Yet for the presidential candidates, it’s not the cost as much as the health care outcomes that are scaring Mr. Sanders‘ opponents.
While signing onto Mr. Sanders‘ bill, Sen. Cory A. Booker of New Jersey says what he really wants is the public option. Likewise, Sen. Kirsten Gillibrand of New York.
Rep. Tulsi Gabbard of Hawaii, another 2020 presidential hopeful, has co-sponsored the House version of Medicare for All. But she has distanced herself from Mr. Sanders‘ vision over the past week, saying there must be a role for private coverage.
“Private insurance, if you want to choose that route and go for a private option, that is up to you,” she said.
Meanwhile, Sen. Elizabeth Warren, who also is a co-sponsor of Mr. Sanders‘ bill, now labels Medicare for All a “goal.”
Jeff Weaver, a senior Sanders adviser, said if Ms. Warren is relegating Medicare for All to an aspiration rather than a concrete policy, then “that is not the same as what Bernie Sanders is talking about.”
“Because of the popularity of Medicare for All, I think a lot of candidates were attracted to the branding of Medicare for All but are unwilling to do what is necessary to provide health insurance for people at a price they can afford,” he said. “That includes taking on the insurance companies.”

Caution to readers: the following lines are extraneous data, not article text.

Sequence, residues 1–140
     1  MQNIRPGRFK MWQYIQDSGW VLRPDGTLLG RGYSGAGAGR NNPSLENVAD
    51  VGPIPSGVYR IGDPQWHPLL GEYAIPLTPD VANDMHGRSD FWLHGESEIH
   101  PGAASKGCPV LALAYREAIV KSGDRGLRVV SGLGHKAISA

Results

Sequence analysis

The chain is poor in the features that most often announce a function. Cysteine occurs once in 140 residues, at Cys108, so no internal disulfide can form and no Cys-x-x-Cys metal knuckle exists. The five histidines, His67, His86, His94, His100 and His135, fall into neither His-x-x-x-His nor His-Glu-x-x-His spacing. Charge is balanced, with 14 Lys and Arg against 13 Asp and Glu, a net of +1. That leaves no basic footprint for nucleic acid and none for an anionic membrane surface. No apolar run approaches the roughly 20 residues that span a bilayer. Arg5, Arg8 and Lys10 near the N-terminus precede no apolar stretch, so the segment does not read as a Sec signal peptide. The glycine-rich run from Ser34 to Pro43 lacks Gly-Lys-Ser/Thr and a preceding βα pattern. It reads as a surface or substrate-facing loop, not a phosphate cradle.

The Warren campaign did not return an email seeking clarification.
Yet to be seen is just how popular the idea is outside of the far left wing of the Democratic Party.
Polls show voters support the idea until they learn they will likely lose their current health insurance and could pay more in taxes.
Mr. Sanders, though, has had no second thoughts and still proudly sells “Medicare for All” T-shirts, buttons and coffee mugs on his campaign website.
He tells voters he is confident they will accept the higher taxes because their out-of-pocket health care costs will drop by even more, and he says they will like their health care better once it’s not controlled by for-profit corporations.
“The function of the current health care system is not to provide quality care to all; it is to make tens of billions of dollars in profit for the drug companies and the insurance companies,” Mr. Sanders said in a recent interview on “The Joe Rogan Experience” podcast.